FIG. 2 is a view, mostly in cross-section, of a cylindrical agitating member which could be used for the member 10 shown in FIG. 1. According to FIG. 2, the member includes the rigid tubular member 26, which can be constructed of steel, around which is disposed a pliable material 28. This material can be a rubber resilient foam or other material having suitable deforming characteristics. A piezo film 30 is wrapped around the pliable material 28 as indicated in FIG. 2 and clamped to the structure by the clamp assembly 32. This assembly includes the bolt 34, the nut 36, the washer 38, and the spacer 40. This secures the ends of the piezo film 30 to the rigid member 26 with the pliable material 28 located therebetween. In addition, the attachment is at the position on the member 26 which is farthest from the place where the piezo film 30 contacts the photoconductor film 12, which is approximately at location 42 shown in FIG. 2. The power leads 44 are connected to the piezo film 30 and are supplied with a suitable alternating voltage to excite or drive the piezo film 30. This causes the film 30 to contract and expand at the frequency of the applied voltage. This contraction and expansion causes the piezo film to impart a vibrating force to the photoconductor film which would touch the piezo film 30 at location 42. It is emphasized that the agitating or motion generating member 10 is constructed of a flat sheet of piezo film wrapped around a tubular member. This provides a long cylindrical source of vibrating force which can be used to uniformly agitate or vibrate the photoconductor 12 across the entire width of the photoconductor without the complexity of moving or multiple vibrating members.
FIG. 3 is a view of the agitating member 10 from the top indicating its positioning across the entire surface of the photoconductor film 12. The shafts 45 and 46 are connected to the rigid tubular assembly 26 and offer a means for attaching the member 10 to a stationary portion of the apparatus. The piezo film 30 is wrapped around the piable material 28 which is disposed over the rigid tubular member or assembly 26. Clamps 48 and 50 are comparable to the clamp 32 shown in FIG. 2, although other types and locations of clamps may be used within the contemplation of the invention.
The piezo film 30, as used in this specific embodiment, is a highly polar poly-vinylidene fluoride film covered on both sides with a metallic surface to create two electrodes on each side of the piezo film. The piezo activity of the film is created by applying opposite polarity voltages to the two electrodes of the film. Leads 44, shown in FIG. 3, provide acess to the two electrodes of the piezo film 30. One of the leads is attached to the outside electrode of the piezo film 30 at the terminal or spot 52. The other lead is attached to the inner electrode at the terminal or spot 54, which is accessible from the outside through an opening 56 in the outer electrode and the center piezo layer of the film 30.
A suitable material for use as the piezo film 30 is constructed by Pennwalt Corporation and marketed under the tradename KYNAR. FIG. 4 is a diagram illustrating the characteristics of such film. The inner layer 58 is positioned between the electrode surfaces 60 and 62. The inner layer 58 is poled during film manufacture to align the dipoles, such as dipole 64, in the direction indicated in FIG. 4. This is accomplished by exposing the polymer material comprising layer 58 to a high electric field at elevated temperatures. The level of piezo activity obtained by poling depends upon poling time, field strength, and temperature. When conducted properly, the poling process provides a permanent orientation of the molecular dipoles within the polymer. The poling potential for this process is applied to the terminals 66 and 68 with the polarities indicated to pole the molecular dipoles in the direction indicated. When the film is used in applications, a voltage applied to the electrodes of the piezo film causes the film to elongate or contract, depending upon the field polarity. When exposed to an alternating field, the field elongates and contracts as the field polarity changes.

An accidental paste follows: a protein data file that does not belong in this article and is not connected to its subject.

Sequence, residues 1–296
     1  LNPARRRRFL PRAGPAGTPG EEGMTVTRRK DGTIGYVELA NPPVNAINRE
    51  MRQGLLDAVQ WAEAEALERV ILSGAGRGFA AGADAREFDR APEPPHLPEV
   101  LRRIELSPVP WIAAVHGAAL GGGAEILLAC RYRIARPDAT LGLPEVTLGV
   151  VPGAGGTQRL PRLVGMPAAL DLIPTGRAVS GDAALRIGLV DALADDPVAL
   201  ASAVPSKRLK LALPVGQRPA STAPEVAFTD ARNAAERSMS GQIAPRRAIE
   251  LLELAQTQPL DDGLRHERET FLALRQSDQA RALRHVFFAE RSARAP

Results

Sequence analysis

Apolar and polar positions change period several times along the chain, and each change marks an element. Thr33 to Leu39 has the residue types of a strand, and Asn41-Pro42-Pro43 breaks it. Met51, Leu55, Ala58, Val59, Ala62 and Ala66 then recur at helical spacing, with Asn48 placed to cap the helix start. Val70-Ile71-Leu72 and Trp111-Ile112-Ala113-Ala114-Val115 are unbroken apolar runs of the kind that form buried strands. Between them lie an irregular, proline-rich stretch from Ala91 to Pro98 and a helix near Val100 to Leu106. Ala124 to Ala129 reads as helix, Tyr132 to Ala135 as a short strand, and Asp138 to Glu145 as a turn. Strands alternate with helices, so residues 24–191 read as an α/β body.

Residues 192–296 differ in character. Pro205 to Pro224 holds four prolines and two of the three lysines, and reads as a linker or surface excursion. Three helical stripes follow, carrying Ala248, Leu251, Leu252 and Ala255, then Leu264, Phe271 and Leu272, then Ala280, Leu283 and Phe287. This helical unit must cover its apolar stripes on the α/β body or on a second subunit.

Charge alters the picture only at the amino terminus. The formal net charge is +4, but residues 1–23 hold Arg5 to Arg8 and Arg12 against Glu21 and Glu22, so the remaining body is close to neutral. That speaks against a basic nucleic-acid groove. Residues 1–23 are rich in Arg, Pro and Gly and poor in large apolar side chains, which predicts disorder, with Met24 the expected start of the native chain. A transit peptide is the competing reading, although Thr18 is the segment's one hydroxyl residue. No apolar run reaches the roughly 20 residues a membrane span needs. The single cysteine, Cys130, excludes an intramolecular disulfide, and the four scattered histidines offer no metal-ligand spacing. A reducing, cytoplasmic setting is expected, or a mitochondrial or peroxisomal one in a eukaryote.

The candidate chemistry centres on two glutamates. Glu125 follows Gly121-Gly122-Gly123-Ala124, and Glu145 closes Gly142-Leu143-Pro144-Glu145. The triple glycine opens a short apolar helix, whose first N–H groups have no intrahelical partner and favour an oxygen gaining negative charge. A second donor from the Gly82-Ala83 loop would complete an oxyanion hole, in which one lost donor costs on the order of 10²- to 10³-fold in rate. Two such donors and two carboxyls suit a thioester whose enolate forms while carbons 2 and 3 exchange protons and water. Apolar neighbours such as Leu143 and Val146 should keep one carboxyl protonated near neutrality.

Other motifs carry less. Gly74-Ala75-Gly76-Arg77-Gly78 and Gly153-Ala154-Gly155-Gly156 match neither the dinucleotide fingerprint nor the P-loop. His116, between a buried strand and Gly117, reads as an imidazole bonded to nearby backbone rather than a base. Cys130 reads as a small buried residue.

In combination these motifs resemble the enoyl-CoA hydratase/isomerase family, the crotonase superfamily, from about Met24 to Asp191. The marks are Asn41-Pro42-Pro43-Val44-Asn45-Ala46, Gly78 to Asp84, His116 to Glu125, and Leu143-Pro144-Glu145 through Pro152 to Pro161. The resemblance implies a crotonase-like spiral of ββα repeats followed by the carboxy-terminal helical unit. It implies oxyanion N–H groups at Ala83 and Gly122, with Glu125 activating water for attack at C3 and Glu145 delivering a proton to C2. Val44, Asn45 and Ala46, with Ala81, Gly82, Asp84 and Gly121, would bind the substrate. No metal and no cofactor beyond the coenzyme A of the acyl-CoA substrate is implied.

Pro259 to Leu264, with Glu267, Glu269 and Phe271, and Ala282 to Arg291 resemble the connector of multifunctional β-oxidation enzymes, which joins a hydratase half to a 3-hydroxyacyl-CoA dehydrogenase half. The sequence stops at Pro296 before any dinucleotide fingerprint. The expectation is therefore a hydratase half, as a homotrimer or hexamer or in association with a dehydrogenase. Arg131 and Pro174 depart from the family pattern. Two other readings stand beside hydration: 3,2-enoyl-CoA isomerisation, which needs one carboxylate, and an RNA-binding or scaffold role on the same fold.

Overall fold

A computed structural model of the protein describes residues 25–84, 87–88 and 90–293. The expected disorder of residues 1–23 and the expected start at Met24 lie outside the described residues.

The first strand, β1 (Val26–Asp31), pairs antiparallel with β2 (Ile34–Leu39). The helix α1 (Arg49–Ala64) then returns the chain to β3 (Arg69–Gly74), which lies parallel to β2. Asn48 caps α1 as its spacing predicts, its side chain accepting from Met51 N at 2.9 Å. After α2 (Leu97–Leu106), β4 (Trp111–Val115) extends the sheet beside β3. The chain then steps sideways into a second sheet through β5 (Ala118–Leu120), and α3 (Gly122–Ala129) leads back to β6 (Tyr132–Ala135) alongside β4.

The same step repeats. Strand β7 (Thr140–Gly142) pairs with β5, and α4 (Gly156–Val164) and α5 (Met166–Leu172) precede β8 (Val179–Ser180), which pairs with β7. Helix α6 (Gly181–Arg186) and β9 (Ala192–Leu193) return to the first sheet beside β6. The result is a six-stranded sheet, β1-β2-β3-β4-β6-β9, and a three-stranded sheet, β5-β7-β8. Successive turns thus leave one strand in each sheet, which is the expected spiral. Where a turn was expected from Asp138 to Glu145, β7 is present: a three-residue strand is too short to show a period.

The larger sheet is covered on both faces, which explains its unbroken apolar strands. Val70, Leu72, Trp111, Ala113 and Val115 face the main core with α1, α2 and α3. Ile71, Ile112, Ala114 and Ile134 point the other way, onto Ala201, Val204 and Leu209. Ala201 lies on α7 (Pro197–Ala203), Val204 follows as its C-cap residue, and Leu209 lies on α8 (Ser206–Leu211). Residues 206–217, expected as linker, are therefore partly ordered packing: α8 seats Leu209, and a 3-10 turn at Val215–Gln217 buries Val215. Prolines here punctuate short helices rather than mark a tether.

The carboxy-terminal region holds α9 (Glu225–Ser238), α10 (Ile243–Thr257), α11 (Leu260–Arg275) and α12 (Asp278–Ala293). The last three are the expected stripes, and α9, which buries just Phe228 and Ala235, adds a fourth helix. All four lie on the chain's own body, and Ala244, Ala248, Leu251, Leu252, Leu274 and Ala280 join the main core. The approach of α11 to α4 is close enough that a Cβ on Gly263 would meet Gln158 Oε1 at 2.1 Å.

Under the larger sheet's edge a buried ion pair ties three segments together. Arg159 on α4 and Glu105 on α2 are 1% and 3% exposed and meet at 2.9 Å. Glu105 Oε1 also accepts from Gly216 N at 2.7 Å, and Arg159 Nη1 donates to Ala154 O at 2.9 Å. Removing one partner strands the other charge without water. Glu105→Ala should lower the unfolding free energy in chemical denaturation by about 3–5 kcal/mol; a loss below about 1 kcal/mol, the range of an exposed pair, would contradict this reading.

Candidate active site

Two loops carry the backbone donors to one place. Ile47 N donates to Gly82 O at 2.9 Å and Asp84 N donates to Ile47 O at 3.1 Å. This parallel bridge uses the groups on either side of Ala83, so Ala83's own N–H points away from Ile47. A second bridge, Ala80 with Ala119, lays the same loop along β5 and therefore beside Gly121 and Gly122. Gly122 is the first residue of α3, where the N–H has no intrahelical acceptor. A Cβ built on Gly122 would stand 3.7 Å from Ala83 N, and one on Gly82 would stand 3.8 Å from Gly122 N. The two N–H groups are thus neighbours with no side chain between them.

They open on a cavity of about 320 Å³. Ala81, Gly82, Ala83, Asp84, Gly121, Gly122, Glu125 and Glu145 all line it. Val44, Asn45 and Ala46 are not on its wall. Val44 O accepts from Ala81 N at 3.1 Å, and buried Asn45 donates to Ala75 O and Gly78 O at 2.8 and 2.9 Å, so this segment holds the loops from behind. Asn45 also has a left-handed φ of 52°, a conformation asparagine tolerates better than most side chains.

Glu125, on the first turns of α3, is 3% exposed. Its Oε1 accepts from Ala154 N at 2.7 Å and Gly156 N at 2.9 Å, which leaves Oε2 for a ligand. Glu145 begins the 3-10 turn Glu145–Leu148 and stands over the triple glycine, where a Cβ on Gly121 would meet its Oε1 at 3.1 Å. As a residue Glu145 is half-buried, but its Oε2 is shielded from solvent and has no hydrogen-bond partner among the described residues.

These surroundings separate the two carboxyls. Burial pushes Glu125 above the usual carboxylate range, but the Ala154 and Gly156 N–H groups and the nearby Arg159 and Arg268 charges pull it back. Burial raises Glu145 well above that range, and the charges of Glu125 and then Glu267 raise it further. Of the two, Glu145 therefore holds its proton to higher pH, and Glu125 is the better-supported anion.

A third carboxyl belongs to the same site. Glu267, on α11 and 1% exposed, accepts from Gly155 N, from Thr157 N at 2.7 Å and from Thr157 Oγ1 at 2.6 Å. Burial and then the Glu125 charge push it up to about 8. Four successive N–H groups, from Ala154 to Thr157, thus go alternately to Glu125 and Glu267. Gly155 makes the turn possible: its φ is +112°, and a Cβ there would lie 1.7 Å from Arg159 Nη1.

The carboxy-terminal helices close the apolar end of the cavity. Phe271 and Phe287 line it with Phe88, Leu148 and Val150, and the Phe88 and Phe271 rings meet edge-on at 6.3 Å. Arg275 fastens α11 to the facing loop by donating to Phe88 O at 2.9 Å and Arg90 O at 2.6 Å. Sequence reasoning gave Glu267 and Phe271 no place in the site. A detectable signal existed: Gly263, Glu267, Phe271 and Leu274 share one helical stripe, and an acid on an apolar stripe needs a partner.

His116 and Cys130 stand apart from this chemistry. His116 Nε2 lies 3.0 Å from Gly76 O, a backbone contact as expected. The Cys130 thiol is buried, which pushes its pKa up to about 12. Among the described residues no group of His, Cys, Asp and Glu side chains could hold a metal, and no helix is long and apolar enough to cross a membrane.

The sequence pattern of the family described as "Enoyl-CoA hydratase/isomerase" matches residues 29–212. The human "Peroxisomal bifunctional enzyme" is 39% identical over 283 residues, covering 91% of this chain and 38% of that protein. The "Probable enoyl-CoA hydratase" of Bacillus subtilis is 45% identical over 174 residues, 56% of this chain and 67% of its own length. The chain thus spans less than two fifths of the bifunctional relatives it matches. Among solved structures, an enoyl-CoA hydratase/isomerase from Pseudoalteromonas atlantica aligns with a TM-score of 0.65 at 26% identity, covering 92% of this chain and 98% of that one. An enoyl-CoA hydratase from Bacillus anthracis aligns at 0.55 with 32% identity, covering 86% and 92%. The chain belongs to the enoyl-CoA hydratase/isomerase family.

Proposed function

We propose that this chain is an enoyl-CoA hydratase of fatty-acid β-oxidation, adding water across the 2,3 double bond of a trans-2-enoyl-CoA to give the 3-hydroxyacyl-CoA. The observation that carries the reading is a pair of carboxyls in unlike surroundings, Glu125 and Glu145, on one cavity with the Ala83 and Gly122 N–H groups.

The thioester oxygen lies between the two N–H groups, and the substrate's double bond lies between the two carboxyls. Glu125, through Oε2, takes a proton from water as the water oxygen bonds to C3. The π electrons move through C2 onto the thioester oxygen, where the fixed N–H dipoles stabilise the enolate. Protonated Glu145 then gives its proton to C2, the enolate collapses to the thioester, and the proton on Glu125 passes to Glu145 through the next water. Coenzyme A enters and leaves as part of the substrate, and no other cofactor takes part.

By using the piezo film toner cleaning device of this invention, toner can be cleaned from a film photoconductor without appreciably degrading the performance of the photoconductor. The process exhibits uniformity by cleaning the photoconductor equally across the entire surface of the photoconductor. It is emphasized that numerous changes may be made in the above-described system without departing from the teachings of the invention. It is intended that all of the matter contained in the foregoing description, or shown in the accompanying drawings, shall be interpreted as illustrative rather than limiting.
|Cited Patent||Filing date||Publication date||Applicant||Title|
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|Citing Patent||Filing date||Publication date||Applicant||Title|
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|U.S. Classification||399/357, 310/323.18, 310/800, 399/358|
|Cooperative Classification||Y10S310/80, G03G2221/0005, G03G21/0047, G03G2221/0021, G03G21/0005|
|European Classification||G03G21/00B4, G03G21/00B|
|May 29, 1990||AS||Assignment|
Owner name: EASTMAN KODAK COMPANY, A CORP. OF NJ, NEW YORK
Free format text: ASSIGNMENT OF ASSIGNORS INTEREST.;ASSIGNOR:SONNENBERG, SVEN;REEL/FRAME:005320/0203
Effective date: 19900521
|Mar 13, 1995||FPAY||Fee payment|
Year of fee payment: 4
|Jun 8, 1999||REMI||Maintenance fee reminder mailed|
|Nov 14, 1999||LAPS||Lapse for failure to pay maintenance fees|
|Jan 25, 2000||FP||Expired due to failure to pay maintenance fee|
Effective date: 19991112